Sennheiser Travel MM550-X Review
According to the manufacturer, the Travel MM550-X is the “5-star flagship” for those who value wireless music enjoyment on the move. The designation “Travel” should already make it clear that these are not audiophile headphones for comfortable high-end sound enjoyment, but a device for travel. However, as Sennheiser is not satisfied with inadequate sound, this is a “high-end Bluetooth headset”, according to the company.
First impression & features
The closed, circumaural headphones leave practically no wish unfulfilled. A typical problem of this product series is the cable, which is a nuisance when listening to music on the move. The Sennheiser Travel MM550-X elegantly solves this problem by dispensing with a cable and receiving music via Bluetooth instead. This wireless technology is advantageous because it is already built into many devices, including computers, smartphones and some sound systems. Friends of upscale music enjoyment, on the other hand, are not big Bluetooth fans, as this technology compresses the sound. For this reason, Sennheiser uses the aptX compression standard. This technology is a loss-free audio compression method which is intended to improve sound quality. It also aims to improve the sound by using the built-in SRS function, which simulates surround sound and enhances the bass.
In addition to the aforementioned technologies designed to improve sound, the Sennheiser Travel MM550-X also uses the so-called Noise-Gard function, which produces a counter-noise that neutralises ambient noise. This enables Sennheiser to compete directly with other noise-canceling headphones such as the Logitech UE 9000 or Bose QuietComfort 15 for the favour of consumers.
Because the noise-canceling technology neutralises ambient noise, it would be practically impossible to talk to other people. Sennheiser has solved this problem by adding the TalkThrough function: This function records the voice of the person you are talking to and plays it back in your headphones while muting music.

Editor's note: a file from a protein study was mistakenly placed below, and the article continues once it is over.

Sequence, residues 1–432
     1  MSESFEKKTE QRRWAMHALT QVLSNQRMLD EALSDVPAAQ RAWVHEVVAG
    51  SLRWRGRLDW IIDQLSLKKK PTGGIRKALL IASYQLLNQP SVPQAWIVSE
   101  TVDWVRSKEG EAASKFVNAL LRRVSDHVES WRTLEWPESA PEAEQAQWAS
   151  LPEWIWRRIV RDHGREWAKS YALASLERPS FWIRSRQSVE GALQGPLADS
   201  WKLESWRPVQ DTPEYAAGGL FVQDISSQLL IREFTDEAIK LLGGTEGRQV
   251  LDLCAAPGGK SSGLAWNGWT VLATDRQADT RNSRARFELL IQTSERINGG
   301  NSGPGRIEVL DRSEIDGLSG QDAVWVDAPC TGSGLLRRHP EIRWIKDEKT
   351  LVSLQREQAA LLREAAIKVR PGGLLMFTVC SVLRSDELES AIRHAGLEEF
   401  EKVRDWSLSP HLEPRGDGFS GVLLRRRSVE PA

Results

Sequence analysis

Scope of delivery & accessories
In our tests we don’t really go into the scope of delivery, but in this case it is necessary because Sennheiser has packed quite a lot with it. As this is a wireless headset, a battery is of course needed for power supply. This is charged via the included USB plug-in power supply with micro-USB cable, which you should already know from your smartphone. Conveniently, the USB socket including automatic charging is directly integrated in the battery. Thus, the battery can also be charged outside the Bluetooth headphones. For holidays in foreign countries, you can change the power supply connection. Fortunately, Sennheiser supplies suitable adapters for the EU, USA, Australia and Great Britain.
For those who can or must do without Bluetooth operation, Sennheiser has packed an audio cable with a 3.5 mm jack plug. This fits all standard sound systems and mobile devices such as iPods and smartphones. For frequent flyers, Sennheiser has of course not forgotten a suitable aircraft adapter. By the way, all the accessories fit into a matching bag: the headset is stored in a padded main pocket, while the accessories are stored in a small compartment at the front.
Design & Finish
Let’s get to the exterior of the Travel MM550-X: Sennheiser has clearly opted for a simple design that mainly uses the colour black. The silver-coloured Sennheiser logo on the left earcup is the only colour highlight of these headphones. After all, the buttons light up in different colours when you press them. The illumination is definitely not necessary for the operation, as the keys can be easily touched.
Sound & connection quality
Bluetooth headphones have a rather bad reputation in the field of sound. As mentioned before, Sennheiser tries to improve this disadvantage with aptX. On a Windows PC the headphones are recognized as a “high-quality Bluetooth audio device”. There is no difference in sound reproduction via Bluetooth and audio cable. If SRS is activated, the bass is rich without overdriving or suppressing the mid, low and high frequencies.
The sound reproduction on the smartphone is a bit disappointing, as not a single model supports the aptX standard so far. Accordingly, the headphones use the A2DP protocol with the SBC codec. The compression of the audio playback is clearly audible and can be heard as a slight hissing in music pieces without perceiving sound.
Even if the headphones convinced us so far, the big disappointment followed as soon as we activated the NoiseGard and ventured into a noisy pedestrian zone. In the course of time we have